As Catholics our faith rests securely on the testimony of God through Jesus as the sole witness to those truths we take as true and upon which we build our life ('house'). An act of faith I memorized in preparation for my first Holy communion in the second grade and which I continue to pray daily goes like this:  O my God, I firmly believe that Thou art one God in three divine Persons, the Father, Son, and Holy Spirit.  I believe Thy divine Son became man, suffered under Pontius  Pilate, was crucified died and was buried. I believe He rose from the dead, ascended into Heaven and will come again in glory to judge the living and the dead.  I believe these and all the truths the Holy Catholic Church teaches because Thou hast revealed them, Who canst neither deceive nor be deceived.  Amen! The testimony of God is surely a secure foundation. In response to it St. Paul could say nothing will ever separate us from the love of God in Christ Jesus Our Lord.  (Rom. 8: 35 - 39.)


Saturday, December 6, 2014

Blog # 417 Christmas 2

Blog # 417  Christmas 2

          I have heard it said that one of the greatest dangers to a happy growing and lasting marriage
 relationship is for the partners to take one another for granted rather then daily discovering one another again and again ever more deeply as the years of their marriage go on.  In a similar vein, years ago when I was teaching a class on marriage, the class came up with this definition of fidelity in marriage: I will try to keep myself as attractive to you as when you first discovered. me.

            This year it occurred to me to apply these insights on marriage to our celebration of the birth of Jesus. Trying to look back on it I imagined I first discovered Jesus as attractive about eighty years ago when I jumped out of bed and ran downstairs on a Christmas morning and found the Lionel trains all set up on the parlor floor and presents laid out around the room for everyone in the family.

         Now in 2014 for many of our families the same beautiful artificial tree will be taken in from the garage and set up in the parlor with the same strings of lights wrapped around it, the same decorations hung on its limbs, and the same beautiful angel presiding over it from its peak.  All of this will be good and make a  meaningful celebration in the family.  Pictures will be taken and stored with those of other years, and in a couple of weeks Christmas will be put away until next year.

           The decorations and parties, yes, but let's not put the event of Christmas behind us.  When a baby is born in a normal human family the event of the baby's birth is the beginning of an eternal relationship that is designed by God to grow and develop. So it should be with the birth of the divine Word of God on earth as Jesus, close to two thousand years ago in history and currently in our official public liturgical celebration of Christmas in 2014.  The baby Jesus will grow and live among us as God and as one of us, in our private prayers, our family prayer, and in our official public liturgical celebration of His life and love for us, again as we have known it before, and in new ways that are still to be created this coming year.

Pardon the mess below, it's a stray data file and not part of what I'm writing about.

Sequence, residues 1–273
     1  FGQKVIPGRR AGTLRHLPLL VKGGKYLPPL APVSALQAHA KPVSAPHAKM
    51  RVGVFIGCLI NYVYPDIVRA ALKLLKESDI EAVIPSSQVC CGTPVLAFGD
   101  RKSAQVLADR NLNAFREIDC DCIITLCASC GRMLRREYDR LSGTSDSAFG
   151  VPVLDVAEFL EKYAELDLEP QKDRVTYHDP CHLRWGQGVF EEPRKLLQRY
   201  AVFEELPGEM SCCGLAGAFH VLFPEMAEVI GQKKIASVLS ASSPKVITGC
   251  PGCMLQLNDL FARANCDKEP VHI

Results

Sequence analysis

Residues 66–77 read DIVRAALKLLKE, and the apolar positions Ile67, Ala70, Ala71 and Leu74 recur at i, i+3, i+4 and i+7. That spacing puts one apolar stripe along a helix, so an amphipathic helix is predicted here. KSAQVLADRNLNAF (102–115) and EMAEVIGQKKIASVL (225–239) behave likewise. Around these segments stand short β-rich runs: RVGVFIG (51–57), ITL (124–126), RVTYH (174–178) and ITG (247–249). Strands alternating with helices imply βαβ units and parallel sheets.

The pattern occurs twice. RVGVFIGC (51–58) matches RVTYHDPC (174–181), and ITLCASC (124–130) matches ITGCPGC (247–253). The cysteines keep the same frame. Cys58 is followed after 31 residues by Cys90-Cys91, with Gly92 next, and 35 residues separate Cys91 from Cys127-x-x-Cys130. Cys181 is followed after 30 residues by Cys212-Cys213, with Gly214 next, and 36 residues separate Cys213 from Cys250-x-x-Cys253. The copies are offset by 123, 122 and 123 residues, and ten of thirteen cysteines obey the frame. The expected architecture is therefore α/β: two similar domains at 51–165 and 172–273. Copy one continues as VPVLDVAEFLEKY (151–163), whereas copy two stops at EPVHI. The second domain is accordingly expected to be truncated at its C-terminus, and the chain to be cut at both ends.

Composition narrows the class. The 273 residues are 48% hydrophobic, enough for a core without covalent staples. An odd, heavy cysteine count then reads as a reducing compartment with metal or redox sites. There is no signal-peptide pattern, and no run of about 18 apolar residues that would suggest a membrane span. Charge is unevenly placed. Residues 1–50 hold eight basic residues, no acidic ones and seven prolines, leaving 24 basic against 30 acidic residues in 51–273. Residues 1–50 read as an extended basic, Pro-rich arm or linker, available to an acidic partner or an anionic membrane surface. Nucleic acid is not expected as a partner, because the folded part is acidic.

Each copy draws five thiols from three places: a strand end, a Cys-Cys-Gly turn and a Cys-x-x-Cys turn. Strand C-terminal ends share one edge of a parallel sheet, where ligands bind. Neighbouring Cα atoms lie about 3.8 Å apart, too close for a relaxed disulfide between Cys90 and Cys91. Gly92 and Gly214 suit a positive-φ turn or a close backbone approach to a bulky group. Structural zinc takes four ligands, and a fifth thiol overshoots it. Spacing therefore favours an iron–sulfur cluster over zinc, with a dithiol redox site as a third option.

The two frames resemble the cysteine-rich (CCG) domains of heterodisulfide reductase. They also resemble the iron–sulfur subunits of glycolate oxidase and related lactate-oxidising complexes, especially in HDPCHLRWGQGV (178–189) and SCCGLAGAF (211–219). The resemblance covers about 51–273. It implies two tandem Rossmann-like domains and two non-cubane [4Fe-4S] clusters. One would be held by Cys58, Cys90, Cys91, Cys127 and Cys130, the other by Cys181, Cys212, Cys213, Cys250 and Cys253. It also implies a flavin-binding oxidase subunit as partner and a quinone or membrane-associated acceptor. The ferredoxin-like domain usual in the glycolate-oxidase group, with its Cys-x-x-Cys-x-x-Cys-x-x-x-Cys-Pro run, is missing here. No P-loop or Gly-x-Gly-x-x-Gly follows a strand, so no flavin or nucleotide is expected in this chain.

As with the case of a newly married couple and that of another man and wife married for fifty years,  a power-laden and beautiful question they are entitled and called to ask of one another every day is how can I know you better and love you more.  We Baptized believers are united with Jesus in a way He Himself described as that of branches on a vine. We share the life of that vine with the vine itself and with the other branches on the vine, which is the Church. Certainly we are entitled and called to ask of Jesus and of one another how can I know you better and love you more.

           If that were to occur , the event of Christmas would not be put away in the garage with the tree the lights and the decorations. 

Wednesday, December 3, 2014

Blog # 416 Advent 2

Blog # 416  Advent 2

              Advent has often been envisioned as a journey.  We are traveling to Bethlehem to experience again the birth of Jesus. It is not a question merely of remembering, of turning the clock back almost two thousand years or walking in our imagination on the physical terrain of Israel. Rather it is a  question of finding a place in our minds and hearts here and now that Jesus can call Bethlehem and come to be born there according to the Father's plan.

              Our goal is 'Bethlehem'.  It is a state of mind, an attitude, a collection of desires and an awareness of the gift of freedom rather than a physical place.  How do we get there?  As with the goal of any journey, the direction we take is determined by where we are when we begin the journey.  If  you are going to New Jersey you travel south from Boston and north from Washington, D.C.  On our Advent journey to Bethlehem, if we do not realize that Jesus is God and that God is the Creator of all, then we will not have an adequate idea of what is going to happen. If we do not have an idea of God's intense love for us we will not know the real reason Jesus was born. If we do not see that in Jesus all of creation is connected, then we see only part of what He came to do. Our personal salvation is only part of the whole, and we must see beyond ourselves to understand fully His birth.